Methodist Church Commission Proposes Changes To Call System

Back when I was in (a Methodist) seminary, I flirted with the idea of joining the United Methodist Church for, oh, I don’t know. Ten minutes?

The temptation was largely the same as that laid out in this article from the UMC national office web site about proposed changes to the appointment system, as it’s known. Methodist clergy work for the bishop of their conference – and, basically, only for the bishop – going where they’re told, when they’re told to go. The traditional offset for that sacrifice has been that they are more or less guaranteed a job, as long as they’re fit for it.

It seems like a win-win at first glance, but it doesn’t take long (about ten minutes) to figure out what can go wrong. First of all, as the article says, it’s a recipe for mediocrity. Not to disparage my colleagues, but if the only reason you can be fired is gross negligence or actual malfeasance, why not find somewhere cozy and settle down until they itinerate you? Put differently, pastors respond to incentives just like anybody else. Take away the incentives and, well, people live up to expectations.

That’s not the only problem, though. In the Methodist church, you have to please not just the bishop, but the district superintendent, who as the name implies, oversees a certain portion of the conference.

In a perfect world, that would be straightforward: you do a good job, the DS is happy, the bishop is happy, everybody is happy. In the actual world, relations become intensely political – and I don’t mean just church politics. It can be tough in many places for a woman or a minority to break out of the unfulfilling slots to which they have been delegated. (My Methodist colleagues often lamented that it was practically impossible for a female pastor to be appointed to a solo pulpit straight out seminary, an opportunity I took for granted.) Even white dudes can have a hard time if they’re on the outs with the people calling the shots.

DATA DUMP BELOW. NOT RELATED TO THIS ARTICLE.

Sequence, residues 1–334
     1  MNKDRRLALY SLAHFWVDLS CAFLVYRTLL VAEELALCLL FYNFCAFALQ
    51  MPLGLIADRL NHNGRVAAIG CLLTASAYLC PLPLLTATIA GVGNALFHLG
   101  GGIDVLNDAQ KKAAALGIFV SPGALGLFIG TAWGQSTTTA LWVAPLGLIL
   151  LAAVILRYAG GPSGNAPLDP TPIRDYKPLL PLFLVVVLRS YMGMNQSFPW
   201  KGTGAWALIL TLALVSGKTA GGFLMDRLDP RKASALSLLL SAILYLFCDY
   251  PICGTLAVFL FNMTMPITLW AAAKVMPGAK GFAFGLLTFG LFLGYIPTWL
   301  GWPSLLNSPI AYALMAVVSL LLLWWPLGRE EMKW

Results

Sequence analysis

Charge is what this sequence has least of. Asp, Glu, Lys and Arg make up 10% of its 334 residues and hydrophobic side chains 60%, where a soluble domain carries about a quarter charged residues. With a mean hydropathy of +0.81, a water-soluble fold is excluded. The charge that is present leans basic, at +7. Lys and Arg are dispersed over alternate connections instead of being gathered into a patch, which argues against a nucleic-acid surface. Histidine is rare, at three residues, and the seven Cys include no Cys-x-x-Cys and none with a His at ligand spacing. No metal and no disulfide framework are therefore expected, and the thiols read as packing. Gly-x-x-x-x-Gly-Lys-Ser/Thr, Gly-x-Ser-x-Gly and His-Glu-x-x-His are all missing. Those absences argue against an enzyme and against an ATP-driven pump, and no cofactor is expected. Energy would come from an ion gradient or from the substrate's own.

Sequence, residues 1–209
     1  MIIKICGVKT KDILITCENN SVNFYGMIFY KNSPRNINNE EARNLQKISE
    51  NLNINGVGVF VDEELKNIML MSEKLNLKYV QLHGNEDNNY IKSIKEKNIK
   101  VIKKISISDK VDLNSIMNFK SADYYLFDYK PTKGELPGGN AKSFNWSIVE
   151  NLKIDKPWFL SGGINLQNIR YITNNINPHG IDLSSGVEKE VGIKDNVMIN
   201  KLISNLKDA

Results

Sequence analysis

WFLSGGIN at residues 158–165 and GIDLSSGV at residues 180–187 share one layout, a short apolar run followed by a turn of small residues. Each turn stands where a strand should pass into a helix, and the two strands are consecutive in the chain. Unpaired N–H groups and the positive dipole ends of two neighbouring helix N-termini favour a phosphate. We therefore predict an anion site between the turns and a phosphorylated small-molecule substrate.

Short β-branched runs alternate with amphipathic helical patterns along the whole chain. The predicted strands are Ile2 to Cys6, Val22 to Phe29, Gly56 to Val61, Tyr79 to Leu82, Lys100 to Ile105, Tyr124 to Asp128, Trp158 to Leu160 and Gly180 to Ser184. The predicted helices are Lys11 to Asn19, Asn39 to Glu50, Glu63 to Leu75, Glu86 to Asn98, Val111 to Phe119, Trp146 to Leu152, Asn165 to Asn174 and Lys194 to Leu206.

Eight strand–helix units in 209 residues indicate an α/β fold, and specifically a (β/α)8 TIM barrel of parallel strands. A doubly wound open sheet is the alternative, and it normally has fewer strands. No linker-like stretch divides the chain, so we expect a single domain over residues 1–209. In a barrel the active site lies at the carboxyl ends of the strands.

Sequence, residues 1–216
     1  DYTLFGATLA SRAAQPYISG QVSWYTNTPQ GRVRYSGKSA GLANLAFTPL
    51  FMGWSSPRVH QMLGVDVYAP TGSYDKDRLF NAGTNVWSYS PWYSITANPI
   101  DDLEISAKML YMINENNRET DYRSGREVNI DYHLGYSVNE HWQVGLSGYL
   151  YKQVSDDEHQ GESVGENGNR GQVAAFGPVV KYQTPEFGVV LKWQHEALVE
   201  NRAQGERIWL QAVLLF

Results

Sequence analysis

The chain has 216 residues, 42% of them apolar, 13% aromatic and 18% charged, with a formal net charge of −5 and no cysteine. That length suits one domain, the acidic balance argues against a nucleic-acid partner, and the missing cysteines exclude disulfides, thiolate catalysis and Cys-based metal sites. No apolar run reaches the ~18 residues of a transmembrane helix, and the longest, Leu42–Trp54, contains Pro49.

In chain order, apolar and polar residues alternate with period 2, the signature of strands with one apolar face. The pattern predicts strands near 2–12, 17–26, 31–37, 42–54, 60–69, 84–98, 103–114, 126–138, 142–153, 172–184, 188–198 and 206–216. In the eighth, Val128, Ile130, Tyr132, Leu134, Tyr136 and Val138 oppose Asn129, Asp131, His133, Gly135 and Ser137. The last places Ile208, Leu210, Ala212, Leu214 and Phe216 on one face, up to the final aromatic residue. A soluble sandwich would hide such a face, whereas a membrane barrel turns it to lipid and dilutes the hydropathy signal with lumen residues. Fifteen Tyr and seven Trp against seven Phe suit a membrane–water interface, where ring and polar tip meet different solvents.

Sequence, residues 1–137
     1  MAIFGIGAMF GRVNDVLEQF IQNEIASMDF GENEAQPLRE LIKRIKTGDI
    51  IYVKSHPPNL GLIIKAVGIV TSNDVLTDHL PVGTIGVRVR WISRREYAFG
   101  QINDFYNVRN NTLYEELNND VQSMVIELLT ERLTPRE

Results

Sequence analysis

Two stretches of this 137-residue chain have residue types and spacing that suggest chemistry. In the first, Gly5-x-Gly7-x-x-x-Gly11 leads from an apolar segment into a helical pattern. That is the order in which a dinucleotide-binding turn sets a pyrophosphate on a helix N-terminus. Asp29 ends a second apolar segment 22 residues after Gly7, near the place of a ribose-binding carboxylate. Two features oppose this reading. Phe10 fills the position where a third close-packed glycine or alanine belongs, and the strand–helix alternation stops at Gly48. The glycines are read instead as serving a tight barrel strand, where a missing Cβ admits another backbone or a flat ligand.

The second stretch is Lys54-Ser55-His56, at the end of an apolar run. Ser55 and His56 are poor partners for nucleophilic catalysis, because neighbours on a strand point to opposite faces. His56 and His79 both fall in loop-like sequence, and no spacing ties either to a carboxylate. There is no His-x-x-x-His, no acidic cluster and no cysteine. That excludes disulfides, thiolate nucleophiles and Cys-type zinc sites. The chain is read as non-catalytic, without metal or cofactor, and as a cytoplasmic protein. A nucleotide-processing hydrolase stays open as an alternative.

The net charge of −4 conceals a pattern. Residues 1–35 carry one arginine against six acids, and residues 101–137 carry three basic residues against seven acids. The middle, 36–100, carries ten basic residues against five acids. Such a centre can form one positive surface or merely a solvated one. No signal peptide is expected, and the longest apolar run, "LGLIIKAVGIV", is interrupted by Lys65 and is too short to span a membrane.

Before you jump on me for casting aspersions, listen to what the Commission itself had to say:

The interim report recommends each annual conference determine a clear definition of and method for evaluating clergy effectiveness and the mission needs of the communities to be served.

Among their tasks: “Specifically, how will we protect against discrimination on the basis of gender or race, or against individual retribution, in the appointment process?”

Part of the task is putting in safeguards, commission members said, such as instituting checks on church leadership or perhaps guaranteeing only the first two appointments so all people have a chance to prove themselves.

“The other thing is a trust factor,” Hagiya said. “Most of my colleagues have a great sensitivity to prophetic pulpits.”

There’s no perfect system for staffing a denomination, of course. My own UCC occasionally suffers from its polity: because congregations are not required to call ministers from within the denomination, they will sometimes bring in a pastor from another tradition who is indifferent or even downright hostile to the values of the larger church. So it goes.

It is interesting to see the UMC struggle with these challenges, though, and it will be doubly interesting to see what comes of them. It could be a very different denomination before too long.